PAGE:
Is there a Moore’s Law for drones? Will bigger ever be better?
Where is the commercial market for large unmanned aircraft systems (UAS)? When the aviation community began thinking about how to open the skies to unmanned aircraft, it was assumed they would be large, long-endurance machines sharing controlled airspace with manned aircraft.
But the market went in a different direction. Small UAS, or drones, weighing less than 55 lb. – many much less – became the name of the game. Instead of a handful of established aircraft manufacturers, startups by the score emerged to push regulators to open up access to uncontrolled airspace below 400 ft.
And small UAS keep getting more capable as payloads become smaller, allowing drones to carry multiple sensors, stay in the air longer, or both. Such is the potential in vehicles under 55 lb. that at the Association for Unmanned Vehicle Systems International’s Xponential show in Dallas on May 8-11, there was a session entitled “Don’t Count Out Large UAS in the Commercial UAS Game.”
The presenters were from AeroVironment, General Atomics Aeronautical Systems, Northrop Grumman and NASA – all of which were once on the government-backed Access 5 project that aimed to enable safe and routine access to the U.S. national airspace system (NAS) for high-altitude, long-endurance UAS.
Although Access 5 ended in 2006 after two of a planned five years, government-supported research on airspace access for UAS has until recently tended to focus on larger, higher-flying aircraft. NASA’s UAS in the NAS project is centered on the command-and-control (C2) and detect-and-avoid (DAA) systems needed for UAS to operate in controlled airspace. Although not explicitly linked to large UAS, these systems are not designed for small drones.
Under UAS in the NAS, NASA and industry conducted flight tests to collect data to support standards body RTCA’s development of performance specifications for the certifiable C2 data link and DAA radar sensor needed to operate in Class A airspace (above 18,000 ft.) under instrument flight rules. RTCA is now working on DAA equipment specifications to expand operations into controlled airspace below 18,000 ft., where visual flight rules apply, and may also reach down into uncontrolled airspace.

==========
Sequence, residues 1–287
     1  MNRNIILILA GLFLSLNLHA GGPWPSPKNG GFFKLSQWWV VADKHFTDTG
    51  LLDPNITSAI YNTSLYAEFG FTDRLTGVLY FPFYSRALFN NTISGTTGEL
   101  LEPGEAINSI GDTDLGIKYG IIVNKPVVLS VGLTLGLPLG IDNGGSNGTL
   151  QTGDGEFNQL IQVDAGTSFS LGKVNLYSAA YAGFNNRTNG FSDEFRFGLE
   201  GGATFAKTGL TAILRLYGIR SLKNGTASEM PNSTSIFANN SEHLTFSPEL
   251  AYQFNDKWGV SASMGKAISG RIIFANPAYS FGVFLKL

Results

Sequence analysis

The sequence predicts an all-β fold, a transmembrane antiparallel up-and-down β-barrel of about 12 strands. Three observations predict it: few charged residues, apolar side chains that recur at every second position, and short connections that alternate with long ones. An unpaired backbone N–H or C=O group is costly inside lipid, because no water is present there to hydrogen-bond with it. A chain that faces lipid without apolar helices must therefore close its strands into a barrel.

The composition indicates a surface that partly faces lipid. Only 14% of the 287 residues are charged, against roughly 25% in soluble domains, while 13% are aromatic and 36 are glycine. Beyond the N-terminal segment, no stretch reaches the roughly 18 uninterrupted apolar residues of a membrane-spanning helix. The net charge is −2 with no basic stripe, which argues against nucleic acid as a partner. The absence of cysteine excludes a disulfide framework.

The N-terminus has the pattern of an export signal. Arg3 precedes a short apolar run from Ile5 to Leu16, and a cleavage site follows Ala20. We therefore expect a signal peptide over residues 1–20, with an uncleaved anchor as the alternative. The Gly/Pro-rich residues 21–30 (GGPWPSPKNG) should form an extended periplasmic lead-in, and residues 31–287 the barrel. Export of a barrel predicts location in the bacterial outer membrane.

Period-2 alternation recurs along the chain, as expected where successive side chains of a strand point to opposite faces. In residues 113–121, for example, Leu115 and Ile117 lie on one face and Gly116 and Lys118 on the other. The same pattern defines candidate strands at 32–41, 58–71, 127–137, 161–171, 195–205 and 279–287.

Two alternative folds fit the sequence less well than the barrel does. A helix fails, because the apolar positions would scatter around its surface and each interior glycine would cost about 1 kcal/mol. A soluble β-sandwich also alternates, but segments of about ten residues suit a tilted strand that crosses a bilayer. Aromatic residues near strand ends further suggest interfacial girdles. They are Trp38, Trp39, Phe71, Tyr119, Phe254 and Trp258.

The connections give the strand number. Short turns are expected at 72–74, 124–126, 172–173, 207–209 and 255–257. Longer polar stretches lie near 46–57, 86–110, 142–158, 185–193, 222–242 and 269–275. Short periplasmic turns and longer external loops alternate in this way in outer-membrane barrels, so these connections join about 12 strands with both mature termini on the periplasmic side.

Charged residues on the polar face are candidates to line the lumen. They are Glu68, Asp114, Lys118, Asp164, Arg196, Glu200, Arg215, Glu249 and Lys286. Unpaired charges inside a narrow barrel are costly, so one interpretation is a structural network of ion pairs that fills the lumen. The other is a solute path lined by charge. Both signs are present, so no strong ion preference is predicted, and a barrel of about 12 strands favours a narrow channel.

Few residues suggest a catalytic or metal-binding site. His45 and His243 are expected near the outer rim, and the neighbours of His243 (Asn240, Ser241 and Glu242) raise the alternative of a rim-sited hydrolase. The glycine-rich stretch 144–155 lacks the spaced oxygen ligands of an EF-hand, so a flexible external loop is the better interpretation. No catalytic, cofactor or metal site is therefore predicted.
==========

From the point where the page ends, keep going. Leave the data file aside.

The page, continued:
This work implicitly applies to bigger UAS because of the space, weight and power required for the equipment, but is not restricted to the large aircraft envisioned by Access 5. “Low-altitude UAS are coming up in capability, and large aircraft are miniaturizing,” says UAS in the NAS Deputy Program Manager Davis Hackenberg. “There could be a lot of stuff above 55 lb. but not that large.”
An example is Insitu’s Integrator, which at 135 lb. is above the FAA’s weight limit on small UAS but far lighter than General Atomics’ 10,500-lb. MQ-9 Reaper or Northrop’s 32,250-lb. RQ-4 Global Hawk. Integrator was recently flown with Logos Technologies’ Redkite wide-area motion imaging (WAMI) sensor, which can track all the “significant movers” within a city-size area. Once a large podded sensor that could be carried only by a Reaper, WAMI has been shrunk down to less than 85 lb.
Which raises the question of where are the markets for large UAS? AeroVironment is still pushing its SkyTower concept of persistent solar-powered UAS flying at 60,000-80,000 ft. to provide communications services (see photo). Facebook’s Aquila is a similar concept, as is Airbus’s Zephyr, but while these machines are large, they are not heavy. Aquila has a wingspan of 138 ft. but weighs only 934 lb. Zephyr weighs just 137 lb. Such vehicles will be handled like satellites, with one crew managing a constellation of aircraft.
General Atomics is looking at the commercial market for the type-certifiable version of Reaper, called SkyGuardian, now under development. This is a 12,500-lb. UAS that can fly for 40 hr. at 40,000 ft. carrying a 4,000-lb. payload. If there is a commercial market, it is likely for an aircraft that can carry multiple sensors long distances and service multiple customers at the same time, says Peter McNall, manager of strategic business development at General Atomics.
Missions could include communications relay, long linear inspections of rail, power and pipelines, border security and fisheries protection. Other missions for more specialized large UAS could include crop spraying and cargo carrying. “Freight is where I see the industry going,” says McNall. But for now, he admits, “We are not seeing a market pull to large UAS.”
About this article
- Date : May 19, 2017
- Source: Aviation Week & Space Technology
- Country: USA